Criticism and interpretation

Critically engaging with the world and interpreting its challenges
Critical practice informs our engagement with textual, visual and digital forms. We engage with the arts and cultural sector, media, the public service and industry, bringing critical thinking to bear in shaping and refining public discourse. 

Criticism and interpretation underpin our capacity to respond to global challenges. Critical thinking is central to everything we do in our daily lives. It ensures the quality of public debate, education and cultural practice. 

Our research engages with a wide range of forms from mediaeval to contemporary representations but is united in its critical commitment to nuancing the ways in which we interpret the world. Our research understands theory as a site for interrogation and reflection rather than application. 

We work across academic disciplines and beyond to generate high-impact scholarly work that intervenes in key public debates about the arts, culture, media and public policy. We address and contribute to public discourse about such urgent global challenges as climate change, migration, indigeneity, gender politics, health communication, and racial and sexual diversity. 

Our current areas of focus include:

The ‘hermeneutics of suspicion’; autotheory; post-critique; theories of reading including descriptive and surface reading and reader response theory; psychoanalytic criticism; object relations; literary theory; political economic theory; cognitive literary studies; affect theory; ordinary language philosophy; institutional critique.

Style and ethics; the genealogy of aesthetic concepts; contemporary art practices; poetry and poetics; metaphor and metonymy; Medievalism; the eighteenth-century history of art writing and art criticism, including Diderot and Hazlitt.

The hsitory of criticism.

Theories of the gift and cultural exchange; East-West aesthetics; Pacific literature and art; Ottoman art; Jewish-Palestinian writing; comparative literature; global modernisms; cultural economics.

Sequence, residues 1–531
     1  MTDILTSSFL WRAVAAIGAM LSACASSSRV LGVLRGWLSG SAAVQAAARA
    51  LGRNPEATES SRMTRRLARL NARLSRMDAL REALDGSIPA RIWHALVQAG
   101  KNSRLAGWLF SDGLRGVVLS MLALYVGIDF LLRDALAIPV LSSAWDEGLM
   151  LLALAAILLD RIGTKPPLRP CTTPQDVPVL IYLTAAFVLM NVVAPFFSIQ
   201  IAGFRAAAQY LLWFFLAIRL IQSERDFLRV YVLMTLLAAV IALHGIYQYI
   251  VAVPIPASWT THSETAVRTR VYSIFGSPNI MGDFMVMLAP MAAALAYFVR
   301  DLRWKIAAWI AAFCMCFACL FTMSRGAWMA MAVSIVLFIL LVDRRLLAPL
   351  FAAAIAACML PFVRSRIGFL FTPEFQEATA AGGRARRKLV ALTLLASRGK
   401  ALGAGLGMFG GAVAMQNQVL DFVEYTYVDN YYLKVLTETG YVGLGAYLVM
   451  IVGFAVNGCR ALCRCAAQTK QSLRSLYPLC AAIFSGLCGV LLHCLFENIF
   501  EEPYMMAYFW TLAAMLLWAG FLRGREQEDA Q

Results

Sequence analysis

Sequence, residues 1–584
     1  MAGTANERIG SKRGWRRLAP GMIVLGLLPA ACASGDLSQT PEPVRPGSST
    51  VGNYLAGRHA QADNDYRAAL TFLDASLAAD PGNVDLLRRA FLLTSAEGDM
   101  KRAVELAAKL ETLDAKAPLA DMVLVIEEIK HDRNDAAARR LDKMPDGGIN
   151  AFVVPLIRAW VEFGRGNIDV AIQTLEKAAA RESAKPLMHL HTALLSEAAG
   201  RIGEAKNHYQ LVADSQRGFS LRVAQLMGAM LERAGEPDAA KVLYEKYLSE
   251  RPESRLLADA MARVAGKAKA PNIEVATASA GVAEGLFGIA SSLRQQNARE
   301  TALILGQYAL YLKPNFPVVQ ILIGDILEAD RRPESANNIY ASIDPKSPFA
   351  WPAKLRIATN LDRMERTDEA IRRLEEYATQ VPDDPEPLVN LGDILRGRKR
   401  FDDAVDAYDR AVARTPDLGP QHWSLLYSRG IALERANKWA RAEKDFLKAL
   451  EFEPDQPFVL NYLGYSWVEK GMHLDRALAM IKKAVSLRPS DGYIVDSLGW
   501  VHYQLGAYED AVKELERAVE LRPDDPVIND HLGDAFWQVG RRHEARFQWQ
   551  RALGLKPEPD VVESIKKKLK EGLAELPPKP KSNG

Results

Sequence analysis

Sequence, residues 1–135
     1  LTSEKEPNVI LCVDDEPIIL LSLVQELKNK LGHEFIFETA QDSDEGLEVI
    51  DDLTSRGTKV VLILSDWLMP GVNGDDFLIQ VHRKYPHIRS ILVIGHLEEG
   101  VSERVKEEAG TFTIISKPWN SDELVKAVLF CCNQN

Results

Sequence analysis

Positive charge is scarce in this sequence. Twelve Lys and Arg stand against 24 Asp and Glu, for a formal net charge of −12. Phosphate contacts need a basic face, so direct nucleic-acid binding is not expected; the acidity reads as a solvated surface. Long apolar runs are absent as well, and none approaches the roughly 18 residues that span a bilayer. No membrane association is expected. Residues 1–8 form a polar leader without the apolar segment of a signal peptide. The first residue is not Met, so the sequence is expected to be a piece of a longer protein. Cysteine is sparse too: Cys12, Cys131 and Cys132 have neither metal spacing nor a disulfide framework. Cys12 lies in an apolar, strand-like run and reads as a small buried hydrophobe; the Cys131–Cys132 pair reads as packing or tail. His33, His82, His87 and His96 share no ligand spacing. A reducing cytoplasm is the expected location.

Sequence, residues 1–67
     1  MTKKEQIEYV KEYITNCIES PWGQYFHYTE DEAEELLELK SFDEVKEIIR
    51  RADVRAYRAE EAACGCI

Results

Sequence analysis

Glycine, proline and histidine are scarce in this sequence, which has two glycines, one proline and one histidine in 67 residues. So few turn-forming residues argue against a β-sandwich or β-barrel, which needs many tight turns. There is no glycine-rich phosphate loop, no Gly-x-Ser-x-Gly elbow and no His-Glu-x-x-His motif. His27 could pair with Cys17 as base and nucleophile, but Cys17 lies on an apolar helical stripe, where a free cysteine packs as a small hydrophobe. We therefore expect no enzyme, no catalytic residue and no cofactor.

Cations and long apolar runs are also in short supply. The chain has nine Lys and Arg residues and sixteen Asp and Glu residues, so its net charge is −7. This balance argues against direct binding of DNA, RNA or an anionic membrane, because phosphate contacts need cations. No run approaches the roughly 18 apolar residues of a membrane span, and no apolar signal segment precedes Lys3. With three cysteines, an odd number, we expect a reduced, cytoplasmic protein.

Mid-century French film theory and questions of interpretation; self-translation, the Bildungsroman.

Intellectual history; book history; reception studies; literary history; art history; the new historicism; historicisms.

The bildungsroman; painting; sculpture; film; the novel; drama; poetry, the aesthetics and politics of form

Film as a visual and textual form, with a focus on how such forms engage with larger aesthetic movements and traditions.

Ecocriticism; contemporary visual art; comics studies.

The closet; the ‘coupled voice’; queer identities; gender and queer performativity; interrogations of autotheory.

First, second and third wave, feminism; feminist interest in the performative nature of language; gender identity; drag.

Indigenous Art; Indigenous literature; Indigenous performance; Indigenist theory; indigenising curatorial practice; Everywhen; decolonisation practices; Indigenous art theory.

African American literature; Middle Eastern art; Black print culture; East-West aesthetics; Orientalism.

Archive studies and digital textual criticism.

Textual criticism; editorial theory and practice; print-making theory and aesthetics.

Indigenous material culture; museum studies; thing theory; visual culture; photography; the book (particularly the novel) as object of circulation; the ‘lives of texts’; collection histories; acquisition, classification and display of objects; the archive.

Media and digital texts and systems; ‘Strategic Stories’, media and cultural studies, media and digital texts and systems; film-and-literature.

Global intellectual history; world literature studies; transnational criticism; the Global South.

The relationship between literary culture and mass entertainment; the vernacular; periodicals and the popular press.

The fin de siècle; Modernist studies; twentieth-century avant gardes; nineteenth-century avant gardes; the contemporary.

The textualization of war; health communication; prevention campaigns; discourse studies; leadership theory; artistic, cultural, social and political forms of creative expression; ecocriticism; literature education; the culture industry; embedding Indigeneity into public discourse; the use of stories to link science and activism in global movements for climate justice and post-human Earth systems.

Our people

Hero image credit: Albrecht Dürer, Melencolia I, 1514. 

Related articles